In the past year, Donald Trump has acquired many titles that a lot of people believe he didn't deserve. From presumptive Republican nominee to president, there has been an underlying ambiguity about how those of us opposed to Trump as a man, a public figure, and a president should refer to him. Despite the many monikers used to refer to the new commander-in-chief, I insist on calling him "President Trump," if for no other reason than to remind me and everyone I know of the exact nature of what we're fighting against.
On Feb. 8, Bernice King, the daughter of Martin Luther King, Jr. and Coretta Scott King, shared a post on Facebook on suggestions for resisting Trump's administration. The first tip on King's list was to never mention Trump by name. Many who were already using euphemisms for the president became all the more emboldened in doing so. While it's a personal choice to refer to Trump as "45," the more tongue-in-cheek "Agent Orange," or my personal favorite, "Cheeto Mussolini," I fundamentally disagree with calling the man anything but what he is — our 45th president. I do so not to legitimize him, his ideas, or his administration, but instead to communicate effectively the very real predicament we haven't just found ourselves in, but may have been instrumental in creating.
King's wisdom is solid, and her reasoning is part and parcel of why I feel so compelled to always call Trump our president. She calls the sparing use of his name "a strategic tactic," and my philosophy is, too — a tactic used to get liberals and progressives whose bafflement at Trump's win has stunned them into silence and inaction, unable to accept the seemingly unthinkable reality of his presidency.
Rather than accepting that we are in for the fight of our lives, some people rallied around the impossible notion that we could change the core values of the electoral college in enough time to overturn his win. People even donated to Green Party candidate Jill Stein's recount bid — money that could have gone to organizations dedicated to protecting the livelihoods of Muslims, people of color, trans folks, and the countless others who are now in more danger than ever before.
From the first anti-Trump protests birthed by the election to Presidents' Day protests, "Not My President" signs and hashtags have flourished for months now. The intended message of those signs was to communicate the holders' displeasure and anger at Trump's shocking win, and to show how much they oppose a man they don't believe deserves to be president.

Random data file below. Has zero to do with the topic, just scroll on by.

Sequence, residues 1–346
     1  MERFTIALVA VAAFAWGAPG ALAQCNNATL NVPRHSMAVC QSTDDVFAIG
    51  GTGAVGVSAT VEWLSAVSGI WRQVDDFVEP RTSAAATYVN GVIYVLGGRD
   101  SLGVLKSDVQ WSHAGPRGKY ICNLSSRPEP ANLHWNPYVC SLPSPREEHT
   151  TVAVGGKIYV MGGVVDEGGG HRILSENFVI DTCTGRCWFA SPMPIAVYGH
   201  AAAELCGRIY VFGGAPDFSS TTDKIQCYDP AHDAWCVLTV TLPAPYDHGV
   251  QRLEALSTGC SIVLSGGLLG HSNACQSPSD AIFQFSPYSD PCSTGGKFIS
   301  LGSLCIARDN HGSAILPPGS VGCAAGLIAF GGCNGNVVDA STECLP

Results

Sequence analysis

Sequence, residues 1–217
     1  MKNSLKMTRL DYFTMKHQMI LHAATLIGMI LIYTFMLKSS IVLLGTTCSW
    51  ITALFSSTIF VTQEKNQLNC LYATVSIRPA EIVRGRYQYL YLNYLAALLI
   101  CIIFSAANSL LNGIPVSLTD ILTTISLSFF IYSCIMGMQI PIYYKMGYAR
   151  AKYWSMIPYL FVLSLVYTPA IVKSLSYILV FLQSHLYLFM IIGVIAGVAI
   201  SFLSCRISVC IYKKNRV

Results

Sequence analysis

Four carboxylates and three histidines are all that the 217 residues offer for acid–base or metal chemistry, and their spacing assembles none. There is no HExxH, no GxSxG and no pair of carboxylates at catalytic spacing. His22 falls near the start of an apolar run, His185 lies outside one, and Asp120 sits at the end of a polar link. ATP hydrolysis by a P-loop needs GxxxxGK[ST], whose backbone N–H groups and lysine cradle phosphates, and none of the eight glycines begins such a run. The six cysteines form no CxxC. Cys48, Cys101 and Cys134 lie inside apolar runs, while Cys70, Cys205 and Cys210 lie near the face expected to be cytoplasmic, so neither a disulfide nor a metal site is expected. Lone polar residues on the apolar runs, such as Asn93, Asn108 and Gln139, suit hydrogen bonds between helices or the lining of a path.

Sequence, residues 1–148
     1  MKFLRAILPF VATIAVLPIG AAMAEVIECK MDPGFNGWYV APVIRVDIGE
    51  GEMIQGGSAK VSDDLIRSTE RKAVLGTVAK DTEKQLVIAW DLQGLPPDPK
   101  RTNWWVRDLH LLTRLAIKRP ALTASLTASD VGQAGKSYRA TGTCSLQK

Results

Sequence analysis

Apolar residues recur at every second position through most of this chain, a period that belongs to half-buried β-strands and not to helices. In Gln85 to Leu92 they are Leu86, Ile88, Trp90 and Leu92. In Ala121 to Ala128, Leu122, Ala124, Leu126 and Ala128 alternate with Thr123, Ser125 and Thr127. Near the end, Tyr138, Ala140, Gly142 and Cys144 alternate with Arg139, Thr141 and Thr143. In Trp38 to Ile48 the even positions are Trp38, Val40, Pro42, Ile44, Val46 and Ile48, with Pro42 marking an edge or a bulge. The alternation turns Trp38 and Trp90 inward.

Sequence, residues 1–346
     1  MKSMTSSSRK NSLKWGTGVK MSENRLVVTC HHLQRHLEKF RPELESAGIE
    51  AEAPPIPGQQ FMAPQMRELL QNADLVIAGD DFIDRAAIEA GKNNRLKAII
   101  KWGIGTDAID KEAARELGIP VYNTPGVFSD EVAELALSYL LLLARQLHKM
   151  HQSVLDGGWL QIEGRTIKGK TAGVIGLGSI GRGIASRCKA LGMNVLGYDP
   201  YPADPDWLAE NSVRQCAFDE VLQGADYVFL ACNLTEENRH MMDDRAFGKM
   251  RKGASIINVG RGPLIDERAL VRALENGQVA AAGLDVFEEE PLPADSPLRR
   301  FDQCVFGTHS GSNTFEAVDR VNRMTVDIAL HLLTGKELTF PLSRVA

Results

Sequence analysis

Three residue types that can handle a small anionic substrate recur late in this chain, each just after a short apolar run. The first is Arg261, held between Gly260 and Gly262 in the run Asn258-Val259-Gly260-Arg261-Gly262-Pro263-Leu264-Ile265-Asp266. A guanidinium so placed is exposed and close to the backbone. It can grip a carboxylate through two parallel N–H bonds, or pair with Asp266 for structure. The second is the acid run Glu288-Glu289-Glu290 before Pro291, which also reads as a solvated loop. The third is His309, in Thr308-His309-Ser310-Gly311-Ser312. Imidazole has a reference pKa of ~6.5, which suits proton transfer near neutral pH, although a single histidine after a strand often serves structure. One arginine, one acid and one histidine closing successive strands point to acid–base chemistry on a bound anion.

But to me, there was a startling underlying message on those signs, one that I've seen time and again since the election — that the holder denies culpability in Trump's rise to the presidency, and in claiming that he isn't their president and that they didn't vote for him, they are not responsible for the permissive "slacktivist" climate that contributed to his win.
Political semantics are incredibly powerful. By re-branding the Affordable Care Act as "ObamaCare," Republicans effectively tied widened access to healthcare for previously uninsured people to a president that was unpopular with their constituency. By dressing up white supremacists in stylish ties and skinny suits and calling them "alt-right," people who are essentially neo-Nazis have found their way into the president's inner circle. Trump's election rhetoric is a study in coded language. And I fear that by calling Trump anything other than the president, even in attempts to delegitimize the man and his administration, liberals are playing into the strategic rebranding tactics that worked so well for Trump and his supporters.
By no means do I wish to pass judgment on the individual coping strategies people use to deal with the Trump's presidency, especially before he was inaugurated. I spent the first month after the election hiding in my house, unable to deal with the PTSD triggers associated with the fear of Islamophobic hate crimes. But what I've witnessed among some liberals appears to be coping mechanisms that occur simultaneously with a professed will to fight President Trump at every turn. We all have to cope with the reality of the Trump administration, but we must not let those mechanisms come at the price of fantasy or delusion. Trump is the president, and it's awfully hard to fight a legally elected president when you refuse to speak truth to what's really going on.
You cannot fight a president with a funny moniker when that president occupies the Oval Office. And I fear that by using a series of creative, humorous, or otherwise euphemistic names to refer to the president, people are still pulling the wool over their eyes willfully turn away from the horrific reality of the Trump presidency.